A function for phosphatidylinositol 3-kinase β (p85α-p110β) in fibroblasts during mitogenesis

Requirement for insulin- and lysophosphatidic acid-mediated signal transduction

Serge Roche, J. Downward, Patrick Raynal, Sara Courtneidge

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121 Citations (Scopus)

Abstract

We have previously shown that phosphatidylinositol 3-kinase α (PI 3- Kα) (p85α-p110α) is required for DNA synthesis induced by various growth factors (S. Roche, M. Koegl, and S. A. Courtneidge, Proc. Natl. Acad. Sci. USA 91:9185-9189, 1994) in fibroblasts. In the present study, we have investigated the function of PI 3-Kβ (p85α-p110β) during mitogenesis. By using antibodies specific to p110β we showed that PI 3-Kβ is expressed in NIH 3T3 cells. PI 3-Kβ and PI 3-Kα have common features: PI 3-Kβ is tightly associated with a protein serine kinase that phosphorylates p85α, it interacts with the Src-middle T antigen complex and the activated platelet- derived growth factor (PDGF) receptor in fibroblasts in vivo, and it becomes tyrosine phosphorylated after PDGF stimulation. PI 3-Kβ was also activated in Swiss 3T3 and Cos7 cells stimulated with lysophosphatidic acid (LPA), a mitogen that interacts with a heterotrimeric G protein-coupled receptor. In contrast PI 3-Kα was activated to a lesser extent in these cells. Microinjection of neutralizing antibodies specific for p110β into quiescent fibroblasts inhibited DNA synthesis induced by both insulin and LPA but poorly affected PDGF receptor signaling. Therefore, PI 3-Kβ plays an important role in transmitting the mitogenic response induced by some, but not all, growth factors. Finally, we show that while oncogenic V12Ras interacts with type I PI 3-Ks, it could induce DNA synthesis in the absence of active PI 3-Kα and PI 3-Kβ, suggesting that Ras uses other effectors for DNA synthesis.

Original languageEnglish (US)
Pages (from-to)7119-7129
Number of pages11
JournalMolecular and Cellular Biology
Volume18
Issue number12
StatePublished - Dec 1998
Externally publishedYes

Fingerprint

Phosphatidylinositol 3-Kinase
Signal Transduction
Fibroblasts
Insulin
Platelet-Derived Growth Factor Receptors
DNA
Intercellular Signaling Peptides and Proteins
Swiss 3T3 Cells
Heterotrimeric GTP-Binding Proteins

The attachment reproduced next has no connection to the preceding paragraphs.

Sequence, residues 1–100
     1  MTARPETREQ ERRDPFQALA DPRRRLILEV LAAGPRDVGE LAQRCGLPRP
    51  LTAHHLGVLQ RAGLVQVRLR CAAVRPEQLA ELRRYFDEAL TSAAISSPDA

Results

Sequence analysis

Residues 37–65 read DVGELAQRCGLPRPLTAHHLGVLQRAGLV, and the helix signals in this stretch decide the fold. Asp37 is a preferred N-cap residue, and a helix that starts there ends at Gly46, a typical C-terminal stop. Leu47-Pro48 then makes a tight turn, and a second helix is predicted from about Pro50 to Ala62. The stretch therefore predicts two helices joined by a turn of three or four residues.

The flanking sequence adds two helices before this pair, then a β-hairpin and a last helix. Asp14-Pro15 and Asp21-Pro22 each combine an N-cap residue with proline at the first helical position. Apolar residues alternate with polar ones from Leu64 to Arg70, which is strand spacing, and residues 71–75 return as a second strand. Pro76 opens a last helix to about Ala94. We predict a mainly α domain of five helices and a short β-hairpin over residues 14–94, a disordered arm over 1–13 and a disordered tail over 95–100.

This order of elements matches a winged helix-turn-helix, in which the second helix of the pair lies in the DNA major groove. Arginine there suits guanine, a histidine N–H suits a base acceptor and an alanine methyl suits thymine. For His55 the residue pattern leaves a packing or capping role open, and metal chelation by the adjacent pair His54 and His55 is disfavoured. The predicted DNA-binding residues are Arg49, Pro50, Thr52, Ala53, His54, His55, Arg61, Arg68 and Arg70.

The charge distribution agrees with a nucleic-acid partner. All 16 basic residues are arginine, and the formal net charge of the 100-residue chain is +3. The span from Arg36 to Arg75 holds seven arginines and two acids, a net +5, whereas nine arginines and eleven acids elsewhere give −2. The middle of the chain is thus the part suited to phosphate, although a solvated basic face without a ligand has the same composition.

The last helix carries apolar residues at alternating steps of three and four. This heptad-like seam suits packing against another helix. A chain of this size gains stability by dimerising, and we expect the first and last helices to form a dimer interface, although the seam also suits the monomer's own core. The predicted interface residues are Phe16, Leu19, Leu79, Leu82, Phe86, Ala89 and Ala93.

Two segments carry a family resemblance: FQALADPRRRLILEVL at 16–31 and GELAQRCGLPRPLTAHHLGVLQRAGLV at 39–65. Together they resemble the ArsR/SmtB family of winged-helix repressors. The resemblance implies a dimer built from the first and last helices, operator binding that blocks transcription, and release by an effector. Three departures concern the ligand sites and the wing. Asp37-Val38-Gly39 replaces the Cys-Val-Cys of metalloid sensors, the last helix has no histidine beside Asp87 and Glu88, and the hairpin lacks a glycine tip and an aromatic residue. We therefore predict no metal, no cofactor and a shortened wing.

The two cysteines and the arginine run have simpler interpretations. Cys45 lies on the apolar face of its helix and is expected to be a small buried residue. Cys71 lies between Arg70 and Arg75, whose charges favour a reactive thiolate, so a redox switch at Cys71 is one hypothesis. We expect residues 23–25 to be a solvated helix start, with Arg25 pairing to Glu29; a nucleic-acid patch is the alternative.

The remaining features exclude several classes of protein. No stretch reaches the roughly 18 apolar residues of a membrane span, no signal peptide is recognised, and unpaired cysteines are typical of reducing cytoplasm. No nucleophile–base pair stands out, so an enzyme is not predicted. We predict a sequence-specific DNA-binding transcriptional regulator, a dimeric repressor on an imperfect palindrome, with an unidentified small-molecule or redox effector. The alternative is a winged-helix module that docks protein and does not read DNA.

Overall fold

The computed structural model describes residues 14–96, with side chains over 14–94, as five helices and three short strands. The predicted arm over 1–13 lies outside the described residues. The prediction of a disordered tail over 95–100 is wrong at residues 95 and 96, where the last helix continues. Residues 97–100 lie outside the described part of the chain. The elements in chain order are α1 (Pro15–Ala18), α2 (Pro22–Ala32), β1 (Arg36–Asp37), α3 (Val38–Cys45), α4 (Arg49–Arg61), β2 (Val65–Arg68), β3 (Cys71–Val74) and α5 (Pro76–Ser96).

NIH 3T3 Cells
Protein-Serine-Threonine Kinases
Viral Tumor Antigens
Platelet-Derived Growth Factor
Microinjections
G-Protein-Coupled Receptors
Neutralizing Antibodies
Mitogens
Tyrosine
lysophosphatidic acid
Antibodies

ASJC Scopus subject areas

  • Molecular Biology
  • Genetics
  • Cell Biology

Cite this

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title = "A function for phosphatidylinositol 3-kinase β (p85α-p110β) in fibroblasts during mitogenesis: Requirement for insulin- and lysophosphatidic acid-mediated signal transduction",
abstract = "We have previously shown that phosphatidylinositol 3-kinase α (PI 3- Kα) (p85α-p110α) is required for DNA synthesis induced by various growth factors (S. Roche, M. Koegl, and S. A. Courtneidge, Proc. Natl. Acad. Sci. USA 91:9185-9189, 1994) in fibroblasts. In the present study, we have investigated the function of PI 3-Kβ (p85α-p110β) during mitogenesis. By using antibodies specific to p110β we showed that PI 3-Kβ is expressed in NIH 3T3 cells. PI 3-Kβ and PI 3-Kα have common features: PI 3-Kβ is tightly associated with a protein serine kinase that phosphorylates p85α, it interacts with the Src-middle T antigen complex and the activated platelet- derived growth factor (PDGF) receptor in fibroblasts in vivo, and it becomes tyrosine phosphorylated after PDGF stimulation. PI 3-Kβ was also activated in Swiss 3T3 and Cos7 cells stimulated with lysophosphatidic acid (LPA), a mitogen that interacts with a heterotrimeric G protein-coupled receptor. In contrast PI 3-Kα was activated to a lesser extent in these cells. Microinjection of neutralizing antibodies specific for p110β into quiescent fibroblasts inhibited DNA synthesis induced by both insulin and LPA but poorly affected PDGF receptor signaling. Therefore, PI 3-Kβ plays an important role in transmitting the mitogenic response induced by some, but not all, growth factors. Finally, we show that while oncogenic V12Ras interacts with type I PI 3-Ks, it could induce DNA synthesis in the absence of active PI 3-Kα and PI 3-Kβ, suggesting that Ras uses other effectors for DNA synthesis.",
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